Former Supreme Court Justice Sandra Day O’Connor once observed that “public service marks the difference between a business and a profession. While a business can afford to focus solely on profits, a profession cannot. It must devote itself first to the community it is responsible to serve. I can imagine no greater duty than fulfilling this obligation. And I can imagine no greater pleasure.”  

Hangley Aronchick is of course a business, but its attorneys have always believed that serving the community is an essential part of the legal profession. We regularly take on pro bono matters involving issues ranging from the mundane to cutting edge social issues with a broad reach. We represent community members who may not always have access to the legal system, including children, families, prison inmates and their families, economically disadvantaged individuals, and members of minority groups. 

We counsel individuals and families facing overwhelming circumstances. Mike Carlson and Isa Naveira Lopez recently helped a Venezuelan woman and her family obtain political asylum in the United States after fleeing their homeland due to increased threats and harassment for her political activities. Over the years, the firm has also been part of highly-publicized matters such as the Kids-for-Cash scandal and the Whitewood decision legalizing same-sex marriage in Pennsylvania, and, on multiple occasions, partnered with organizations such as the Pennsylvania Innocence Project to overturn wrongful convictions. 

Our attorneys frequently author amicus briefs in legal matters that have considerable consequences for those involved, but also society at large. For instance, John Summers, Andrew Erdlen, Michael Masciandaro and Alexander Egervary recently authored a number of amicus briefs addressing the use of evidence obtained through torture in cases the U.S. government has brought against prisoners at Guantanamo Bay. As another example, Helen Casale and Kyle Victor wrote an amicus brief last year on behalf of the American Association of Matrimonial Lawyers arguing in favor of the non-biological parent in a groundbreaking case that could redefine parentage under Pennsylvania law.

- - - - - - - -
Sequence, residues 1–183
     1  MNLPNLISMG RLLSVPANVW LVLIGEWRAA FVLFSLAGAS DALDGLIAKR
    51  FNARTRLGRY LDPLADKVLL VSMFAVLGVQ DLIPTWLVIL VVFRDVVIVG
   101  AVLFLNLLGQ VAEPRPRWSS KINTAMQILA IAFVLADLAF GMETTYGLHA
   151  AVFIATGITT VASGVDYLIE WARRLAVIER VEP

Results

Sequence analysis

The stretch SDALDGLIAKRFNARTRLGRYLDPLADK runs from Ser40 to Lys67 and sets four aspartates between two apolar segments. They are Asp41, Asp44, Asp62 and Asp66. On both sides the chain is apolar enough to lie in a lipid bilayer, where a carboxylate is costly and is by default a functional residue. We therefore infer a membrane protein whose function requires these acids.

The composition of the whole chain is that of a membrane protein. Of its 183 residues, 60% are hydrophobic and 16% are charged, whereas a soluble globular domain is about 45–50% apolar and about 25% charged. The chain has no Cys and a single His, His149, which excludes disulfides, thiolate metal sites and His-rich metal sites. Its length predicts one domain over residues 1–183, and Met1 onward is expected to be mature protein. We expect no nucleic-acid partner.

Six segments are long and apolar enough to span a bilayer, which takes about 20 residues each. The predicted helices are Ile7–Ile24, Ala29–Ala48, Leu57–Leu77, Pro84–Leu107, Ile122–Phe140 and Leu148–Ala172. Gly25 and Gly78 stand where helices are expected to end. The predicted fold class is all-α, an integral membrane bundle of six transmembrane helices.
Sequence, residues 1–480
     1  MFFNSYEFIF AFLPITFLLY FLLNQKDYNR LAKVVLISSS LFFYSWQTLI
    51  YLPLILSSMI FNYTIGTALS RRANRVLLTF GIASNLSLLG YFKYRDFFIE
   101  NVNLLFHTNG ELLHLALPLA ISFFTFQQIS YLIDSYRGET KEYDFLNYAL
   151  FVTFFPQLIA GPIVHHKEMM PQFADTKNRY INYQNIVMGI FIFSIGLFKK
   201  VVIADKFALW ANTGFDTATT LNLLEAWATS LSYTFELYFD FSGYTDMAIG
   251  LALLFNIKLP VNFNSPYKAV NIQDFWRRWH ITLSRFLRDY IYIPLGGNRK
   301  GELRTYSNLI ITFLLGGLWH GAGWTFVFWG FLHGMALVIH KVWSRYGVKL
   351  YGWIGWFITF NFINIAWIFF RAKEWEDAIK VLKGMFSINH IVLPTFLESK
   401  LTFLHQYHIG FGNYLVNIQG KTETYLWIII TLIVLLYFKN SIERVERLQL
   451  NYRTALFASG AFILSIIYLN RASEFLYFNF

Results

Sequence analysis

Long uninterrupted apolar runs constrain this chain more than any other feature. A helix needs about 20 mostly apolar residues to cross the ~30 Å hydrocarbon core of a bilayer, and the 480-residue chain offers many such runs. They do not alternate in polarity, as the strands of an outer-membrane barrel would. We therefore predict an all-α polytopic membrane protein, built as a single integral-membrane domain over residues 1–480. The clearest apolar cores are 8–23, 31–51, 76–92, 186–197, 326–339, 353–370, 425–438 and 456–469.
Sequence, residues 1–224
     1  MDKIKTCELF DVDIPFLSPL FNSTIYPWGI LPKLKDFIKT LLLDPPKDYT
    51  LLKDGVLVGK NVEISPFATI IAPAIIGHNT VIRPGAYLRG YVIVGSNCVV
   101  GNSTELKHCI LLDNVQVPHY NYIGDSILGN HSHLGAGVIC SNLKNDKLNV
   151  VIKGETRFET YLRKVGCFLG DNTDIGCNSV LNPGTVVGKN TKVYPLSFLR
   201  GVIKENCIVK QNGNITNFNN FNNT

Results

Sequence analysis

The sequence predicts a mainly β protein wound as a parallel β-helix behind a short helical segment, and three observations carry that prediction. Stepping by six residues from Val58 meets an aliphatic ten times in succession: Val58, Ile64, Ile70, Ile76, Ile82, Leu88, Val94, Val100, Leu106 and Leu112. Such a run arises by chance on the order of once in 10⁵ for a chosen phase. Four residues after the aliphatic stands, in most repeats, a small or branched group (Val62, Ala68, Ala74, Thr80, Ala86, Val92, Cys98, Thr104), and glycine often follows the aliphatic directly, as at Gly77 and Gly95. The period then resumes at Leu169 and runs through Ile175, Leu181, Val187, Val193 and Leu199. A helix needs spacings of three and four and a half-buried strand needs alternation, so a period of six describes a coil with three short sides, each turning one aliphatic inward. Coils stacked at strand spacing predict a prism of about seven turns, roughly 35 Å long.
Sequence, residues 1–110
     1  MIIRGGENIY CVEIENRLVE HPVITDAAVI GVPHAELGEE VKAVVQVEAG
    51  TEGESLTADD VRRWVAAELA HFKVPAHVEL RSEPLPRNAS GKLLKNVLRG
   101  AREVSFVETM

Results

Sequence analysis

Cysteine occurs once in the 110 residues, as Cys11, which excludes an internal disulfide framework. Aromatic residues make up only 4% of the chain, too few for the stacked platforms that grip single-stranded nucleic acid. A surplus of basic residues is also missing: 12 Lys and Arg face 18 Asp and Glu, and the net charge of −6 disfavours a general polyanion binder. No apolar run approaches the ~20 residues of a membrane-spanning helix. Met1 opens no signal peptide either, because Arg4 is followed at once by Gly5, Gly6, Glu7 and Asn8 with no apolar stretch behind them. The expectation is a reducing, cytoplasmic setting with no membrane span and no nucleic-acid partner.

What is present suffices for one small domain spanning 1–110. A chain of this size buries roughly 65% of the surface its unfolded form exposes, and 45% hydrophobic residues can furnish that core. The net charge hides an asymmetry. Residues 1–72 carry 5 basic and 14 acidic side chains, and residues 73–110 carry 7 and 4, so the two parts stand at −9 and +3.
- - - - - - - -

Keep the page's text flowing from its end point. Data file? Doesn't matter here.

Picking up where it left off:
Many of our attorneys work with community organizations, developing long-term relationships and taking on leadership roles. Matt Hamermesh, who heads the firm’s pro bono program, currently serves as president of the Consumer Bankruptcy Assistance Project, continuing his years long volunteer work with the group. John Summers served on the boards of the Innocence Project and Children First, and currently serves on the Education Law Center board. Robert Ebby works with the Support Center for Child Advocates, helping children escape unsafe home situations and transition to adoption or permanent legal custody in loving and safe homes. Robert Wiygul is now secretary of the board of Public Interest Law Center, and Jerry Shoemaker volunteers at Philly VIP and provides free legal clinics at the Women’s Center of Montgomery County, an organization that focuses on freedom from domestic violence and other forms of abuse. Associates Nicholas Bellos, Mathew Gomez, Eitan Kagedan, Caitlin McHugh, Chelsea Nichols and Kyle Victor have all participated in the Philadelphia Bar Foundation’s board observer program, which allows young lawyers to learn first-hand about board participation for non-profits. 

For 30 years, Hangley Aronchick has proudly served our clients, our neighbors, and our community; and we will continue to do so as we enter our fourth decade of legal practice.